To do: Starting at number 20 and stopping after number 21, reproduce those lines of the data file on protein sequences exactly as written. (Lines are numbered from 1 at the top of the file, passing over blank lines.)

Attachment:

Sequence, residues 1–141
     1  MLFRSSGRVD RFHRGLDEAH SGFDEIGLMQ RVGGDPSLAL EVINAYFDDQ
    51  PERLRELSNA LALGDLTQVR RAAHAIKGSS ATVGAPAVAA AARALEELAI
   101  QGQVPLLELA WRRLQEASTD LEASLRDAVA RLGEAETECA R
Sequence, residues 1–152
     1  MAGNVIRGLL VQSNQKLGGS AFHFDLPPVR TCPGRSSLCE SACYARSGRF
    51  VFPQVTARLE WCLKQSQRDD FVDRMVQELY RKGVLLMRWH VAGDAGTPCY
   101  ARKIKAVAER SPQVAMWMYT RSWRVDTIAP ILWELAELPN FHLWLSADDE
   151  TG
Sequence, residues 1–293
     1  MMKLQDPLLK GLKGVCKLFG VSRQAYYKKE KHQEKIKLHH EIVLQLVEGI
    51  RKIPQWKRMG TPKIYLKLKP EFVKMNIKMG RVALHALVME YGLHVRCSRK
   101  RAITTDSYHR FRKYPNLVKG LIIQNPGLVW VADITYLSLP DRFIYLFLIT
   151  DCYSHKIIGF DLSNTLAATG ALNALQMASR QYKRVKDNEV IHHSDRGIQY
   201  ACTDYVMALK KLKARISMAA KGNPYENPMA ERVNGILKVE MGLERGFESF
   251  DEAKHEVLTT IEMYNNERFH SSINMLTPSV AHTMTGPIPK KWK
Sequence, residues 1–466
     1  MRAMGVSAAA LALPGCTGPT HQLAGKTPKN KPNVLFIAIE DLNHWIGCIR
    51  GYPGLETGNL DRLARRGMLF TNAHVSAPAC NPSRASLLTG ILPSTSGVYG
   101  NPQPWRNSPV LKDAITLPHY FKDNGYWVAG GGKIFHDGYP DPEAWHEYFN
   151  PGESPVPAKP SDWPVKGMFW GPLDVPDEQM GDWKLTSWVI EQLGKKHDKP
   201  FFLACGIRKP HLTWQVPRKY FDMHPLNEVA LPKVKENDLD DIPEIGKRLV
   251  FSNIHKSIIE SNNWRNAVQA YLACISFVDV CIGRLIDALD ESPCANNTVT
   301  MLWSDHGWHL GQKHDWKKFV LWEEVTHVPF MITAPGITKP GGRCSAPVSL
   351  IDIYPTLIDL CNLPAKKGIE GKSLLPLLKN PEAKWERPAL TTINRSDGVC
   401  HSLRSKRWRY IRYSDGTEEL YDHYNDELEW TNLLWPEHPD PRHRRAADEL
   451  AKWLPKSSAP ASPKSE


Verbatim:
   101  NPQPWRNSPV LKDAITLPHY FKDNGYWVAG GGKIFHDGYP DPEAWHEYFN
   151  PGESPVPAKP SDWPVKGMFW GPLDVPDEQM GDWKLTSWVI EQLGKKHDKP